Monthly Archives: September 2011

Oxford Study Abroad Chapter 3

On our third day, in preparation for classes, we went to the Bodleian Library, which was a nice 7 or so walk from Magdalen and is one of the most famous libraries in the world (there was also more Harry Potter-related filming here). I didn’t really need to use the libraries for my Shakespeare class, but I did end up coming here one more time; camera use was restricted in most rooms. The one where we got our library cards, which was modeled after Parliament’s interior, was one of the places where pictures were allowed.

This little table is where the officials, who took their roles very, very seriously, signed us up and handed us our cards after we took a spoken oath. There was also a game of attempting to fit into that chair on the far left; there was a little trick to lowering the piece in front of it before it was possible to squeeze in and sit.

Afterwards,  we took a tour of another library and found where the research material for our respected classes could be found. This library was at St. Peter’s, the college that sponsored our program but that we were not housed at (apparently, Magdalen is much nicer in terms of rooms and the exterior is as well, so I think we had a good exchange).

Around  5 that day, we had our first official formal dinner. These always were on Monday nights (except for the week following the 4-day excursion; then we had it on Tuesday) and consisted of reception, a lecture, and a sit-down dinner. The lectures were kind of like symposiums: a speaker, usually a professor, would come and talk for about an hour and fifteen minutes on a particular subject. This week’s was on ‘The Macbeths at Home’, a look on Shakespearean works as portrayed in film. The same professor would be a guest lecturer at our first lecture tomorrow morning, and he showed us clips from Kurosawa’s adaptation of Macbeth, a variation of the play with mobsters instead of kings, and an interesting independent movie featuring Christopher Walken as Macduff and the Macbeths as conquerers of a restaurant.
The dinner itself lasted for over an hour and a half and had randomly-selected individuals sitting at the ‘high table’ and the others in one of maybe four long tables farther down the hall (rather Potter-esque again). We started with grace and then sat down to conversations and a five-course menu consisting of bread, an appetizer, dinner, dessert, and coffee/chocolates, which was served to us by staff, along with wines.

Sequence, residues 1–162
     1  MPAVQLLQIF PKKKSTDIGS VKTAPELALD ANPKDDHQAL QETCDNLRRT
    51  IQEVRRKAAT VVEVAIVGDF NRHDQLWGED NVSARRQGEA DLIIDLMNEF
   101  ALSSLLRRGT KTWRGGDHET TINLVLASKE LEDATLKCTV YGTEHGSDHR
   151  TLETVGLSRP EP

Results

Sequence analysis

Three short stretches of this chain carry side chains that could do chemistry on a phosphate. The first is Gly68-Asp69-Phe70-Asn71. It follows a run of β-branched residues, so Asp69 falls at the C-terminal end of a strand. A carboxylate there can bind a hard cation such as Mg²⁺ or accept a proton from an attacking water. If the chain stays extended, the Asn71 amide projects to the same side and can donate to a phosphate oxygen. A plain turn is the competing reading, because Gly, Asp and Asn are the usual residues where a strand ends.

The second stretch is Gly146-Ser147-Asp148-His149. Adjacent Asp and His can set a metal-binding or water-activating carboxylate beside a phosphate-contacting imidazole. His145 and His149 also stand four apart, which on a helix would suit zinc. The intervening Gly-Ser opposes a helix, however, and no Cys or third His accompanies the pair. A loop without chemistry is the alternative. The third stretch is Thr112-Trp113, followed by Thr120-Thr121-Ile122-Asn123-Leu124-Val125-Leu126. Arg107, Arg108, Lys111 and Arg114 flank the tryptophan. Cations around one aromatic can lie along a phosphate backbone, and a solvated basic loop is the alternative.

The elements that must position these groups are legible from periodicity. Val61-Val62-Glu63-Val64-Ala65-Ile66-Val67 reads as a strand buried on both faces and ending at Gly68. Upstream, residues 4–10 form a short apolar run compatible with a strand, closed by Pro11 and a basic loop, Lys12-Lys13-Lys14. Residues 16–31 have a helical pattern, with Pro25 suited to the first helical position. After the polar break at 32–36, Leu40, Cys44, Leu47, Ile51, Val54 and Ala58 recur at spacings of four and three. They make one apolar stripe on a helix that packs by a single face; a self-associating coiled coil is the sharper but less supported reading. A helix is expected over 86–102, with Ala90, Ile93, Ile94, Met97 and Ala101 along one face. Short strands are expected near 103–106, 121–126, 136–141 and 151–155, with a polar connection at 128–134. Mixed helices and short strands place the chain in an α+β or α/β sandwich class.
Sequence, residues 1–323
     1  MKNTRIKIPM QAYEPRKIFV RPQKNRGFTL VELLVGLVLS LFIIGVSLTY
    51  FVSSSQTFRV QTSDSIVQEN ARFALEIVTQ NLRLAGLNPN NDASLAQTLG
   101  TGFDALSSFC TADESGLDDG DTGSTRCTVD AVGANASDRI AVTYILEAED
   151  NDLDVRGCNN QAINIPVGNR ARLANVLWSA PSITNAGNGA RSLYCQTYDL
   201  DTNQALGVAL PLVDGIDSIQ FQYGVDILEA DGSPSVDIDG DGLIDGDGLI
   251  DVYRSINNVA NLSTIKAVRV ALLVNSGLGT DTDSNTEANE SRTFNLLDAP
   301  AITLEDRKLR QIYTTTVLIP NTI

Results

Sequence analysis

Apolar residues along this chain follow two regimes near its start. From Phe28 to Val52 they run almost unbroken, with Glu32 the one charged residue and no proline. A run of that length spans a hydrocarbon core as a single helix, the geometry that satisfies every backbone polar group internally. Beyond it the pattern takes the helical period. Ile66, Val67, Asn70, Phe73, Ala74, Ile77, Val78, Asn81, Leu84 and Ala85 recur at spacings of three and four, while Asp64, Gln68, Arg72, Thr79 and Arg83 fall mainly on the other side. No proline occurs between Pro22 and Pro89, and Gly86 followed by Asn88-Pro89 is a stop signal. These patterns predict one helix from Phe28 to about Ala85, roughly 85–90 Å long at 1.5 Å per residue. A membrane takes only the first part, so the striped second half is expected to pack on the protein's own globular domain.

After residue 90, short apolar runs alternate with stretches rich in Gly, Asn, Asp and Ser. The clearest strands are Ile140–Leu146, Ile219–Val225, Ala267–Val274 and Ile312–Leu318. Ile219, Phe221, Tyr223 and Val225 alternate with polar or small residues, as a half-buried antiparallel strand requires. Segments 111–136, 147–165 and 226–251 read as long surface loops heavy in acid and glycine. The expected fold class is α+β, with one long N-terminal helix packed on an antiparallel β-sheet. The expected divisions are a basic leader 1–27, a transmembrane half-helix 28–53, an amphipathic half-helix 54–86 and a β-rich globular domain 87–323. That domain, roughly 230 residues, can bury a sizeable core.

I unfortunately never had my camera on me at these times, and so I can’t hope to render the same effect as being present had on me. It was a wonderful experience, though, and gave the feel of olden days where folks enjoyed performances and very social dinners followed afterwards. The opening night of Harry Potter, we had a wonderfully good time with a random professor who asked to join our group conversation at the pub, also a part of Magdalen, which is right next to the dining hall. It may not be as elaborate as the woodwork inside, but it has a lovely view of the water.


Day 3: Looking Back

Wow, it’s been terribly long since my first post! I actually am back in the States now, but because I had camera problems and couldn’t upload pictures on my phone until I returned back home, I figured that it would be difficult to do updates without having the pictures available when I post. I’m thinking to finish the blog in hindsight, which does shave off some of the initial emotions and anticipation, but it will allow it to be more like a story and prevent me from ranting for 2 paragraphs on such unimportant issues such as my hair straightener.

So the next day was rather hectic because there were items I needed to purchase and events I should have gone to. I desperately needed to buy a hair straightener because, well, girls would understand, so I went to this pharmacy called Boots and got one there. It’s a really nice pharmacy; they have many things there that were useful, like contact cases, bandages, and this energy drink my friend recommended, although they strangely didn’t have laundry detergent.

This is Cornmarket Street, where Boots and many other shops are located; it’s always a busy walk! The movie theater is not far from here either.

The thing with the straightener is is that I’m not going to be able to use it at home and will most likely leave it here, so I didn’t want to spend much on it. A normal-sized straightener was 60 pounds, so about 90-100 dollars, and if I’m only going to leave it here there was no sense in buying it. There were ones for 15-20 pounds of a smaller size and obviously not as good, but I got that instead.


Sorry, ‘cheap’ product, but you’re kind of a piece of junk. Barely gets the job done, but I got what I paid for, I suppose.

Anyway, after the straightener episode, I realized that I didn’t have a contact case and my knee, which had been hurting me for the past week or so, was hurting again, so I went back to buy the case and one of those long bandages you use for sprains. Unfortunately, I missed the ‘Getting to Know You’ event because I came too late to meet with the group and then didn’t know where it was—and apparently didn’t know that it said so right on the schedule I had; whatever—and this early in the program it would have been a good idea to have gone, since the pressure is kind of on for getting acquainted. However, I did make the tour of the city.